It is widely believed that, without exception, the Old Believers hated the Imperial House of the Romanovs to the depths of their hearts. It is not hard to substantiate this point of view, since the schism of 1650–1660, which had driven the followers of the old rite underground during the reign of Tsar Alexei Mikhailovich (1645 to 1676), and lasted for more than three centuries.
The Old Believers, referred to Tsar Peter I as “the Antichrist” (although, the persecution of the schismatics was far less severe than during his father’s reign), but any Romanov on the throne, up to the early 20th century, was regarded likewise.
But even educated citizens, businessmen, publishers, politicians, who observed the strict archaic and patriarchal structure characteristic of the Old Believers in their homes, were hardly guided in their thoughts and actions for historical and religious reasons.
They were modern practical people who, like many in that era, believed that the social structure of the country conditioned by the autocracy hampered its development, including the development of its economy and business.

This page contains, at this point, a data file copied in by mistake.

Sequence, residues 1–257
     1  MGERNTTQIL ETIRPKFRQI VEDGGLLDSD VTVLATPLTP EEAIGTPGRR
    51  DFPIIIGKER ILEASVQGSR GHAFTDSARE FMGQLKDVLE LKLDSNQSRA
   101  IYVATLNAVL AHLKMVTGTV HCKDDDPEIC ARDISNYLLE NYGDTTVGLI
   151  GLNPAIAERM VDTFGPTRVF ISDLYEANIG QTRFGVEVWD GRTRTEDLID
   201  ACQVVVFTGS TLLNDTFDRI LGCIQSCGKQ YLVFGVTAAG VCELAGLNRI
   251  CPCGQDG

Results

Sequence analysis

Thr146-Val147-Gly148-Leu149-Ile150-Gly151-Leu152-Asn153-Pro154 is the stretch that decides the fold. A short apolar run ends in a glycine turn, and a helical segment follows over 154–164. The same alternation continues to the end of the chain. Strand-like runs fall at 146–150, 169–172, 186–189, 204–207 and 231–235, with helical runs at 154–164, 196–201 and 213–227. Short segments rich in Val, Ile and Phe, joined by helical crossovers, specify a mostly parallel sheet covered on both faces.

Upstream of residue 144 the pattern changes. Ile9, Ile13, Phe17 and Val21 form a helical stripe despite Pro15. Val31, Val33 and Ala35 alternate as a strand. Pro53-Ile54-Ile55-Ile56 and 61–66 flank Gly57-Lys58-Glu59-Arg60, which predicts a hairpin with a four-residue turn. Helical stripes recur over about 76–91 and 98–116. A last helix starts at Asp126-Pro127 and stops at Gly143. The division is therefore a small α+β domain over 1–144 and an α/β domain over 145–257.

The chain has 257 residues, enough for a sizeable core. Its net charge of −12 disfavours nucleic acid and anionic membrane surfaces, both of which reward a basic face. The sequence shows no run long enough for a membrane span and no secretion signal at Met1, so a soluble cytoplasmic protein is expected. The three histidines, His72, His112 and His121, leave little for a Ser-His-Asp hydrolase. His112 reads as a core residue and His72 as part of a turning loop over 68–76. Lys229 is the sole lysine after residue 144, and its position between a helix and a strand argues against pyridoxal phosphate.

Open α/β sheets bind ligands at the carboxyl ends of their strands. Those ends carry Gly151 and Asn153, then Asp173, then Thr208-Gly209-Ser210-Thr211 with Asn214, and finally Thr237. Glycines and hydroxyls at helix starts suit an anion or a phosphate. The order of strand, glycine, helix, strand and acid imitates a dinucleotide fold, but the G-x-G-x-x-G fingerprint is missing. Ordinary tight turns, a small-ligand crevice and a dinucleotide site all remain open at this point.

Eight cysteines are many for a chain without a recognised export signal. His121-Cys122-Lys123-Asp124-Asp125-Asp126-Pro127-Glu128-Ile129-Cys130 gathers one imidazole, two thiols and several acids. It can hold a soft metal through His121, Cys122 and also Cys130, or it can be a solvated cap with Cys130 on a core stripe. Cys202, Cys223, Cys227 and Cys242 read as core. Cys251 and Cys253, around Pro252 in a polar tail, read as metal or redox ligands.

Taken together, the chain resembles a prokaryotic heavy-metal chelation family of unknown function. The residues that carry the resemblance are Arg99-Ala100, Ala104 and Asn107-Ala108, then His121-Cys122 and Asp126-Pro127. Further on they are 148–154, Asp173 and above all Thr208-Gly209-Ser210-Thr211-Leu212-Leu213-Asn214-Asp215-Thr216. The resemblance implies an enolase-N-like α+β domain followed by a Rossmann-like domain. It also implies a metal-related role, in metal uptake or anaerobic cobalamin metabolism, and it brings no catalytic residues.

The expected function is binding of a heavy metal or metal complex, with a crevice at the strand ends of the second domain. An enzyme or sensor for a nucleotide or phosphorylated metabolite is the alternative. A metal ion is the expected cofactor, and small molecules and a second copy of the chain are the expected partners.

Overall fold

The manifestos of 1905 “On the improvement of the state order” and “On the establishment of the State Duma”, thanks to which Russia had its own parliament for the first time, together with the Tolerance Ordinance, gave some Old Believers hope of a better future. However, some believed that there would be no changes, and that things would return to the old ways.
O. P. Ershov, a researcher on the history of Old Believers, writes that in 1917 one of the regional meetings of Old Believers recognized the autocracy incapable of ensuring the rights granted by the Tolerance Ordinance and not in the interests of the people. This case was not an isolated one.
The relation of the autocrat to the Old Believers
The question of how Nicholas II really treated the Old Believers remains open. A number of researchers of the Old Believers, including the historian and literary critic MA Dzyubenko, believe that the emperor sympathized with them and even hoped to unite the two branches of the Russian Church, but there is no direct evidence of this.
An indirect argument is, for example, Nicholas II’s interest in Neo-Byzantine church architecture and music, which may well be explained for aesthetic and partly diplomatic reasons. Moreover, it is extremely doubtful that most Old Believers would have taken the idea of uniting with the Russian Orthodox Church with any enthusiasm.
The participation of Old Believers in the preparation of revolutionary events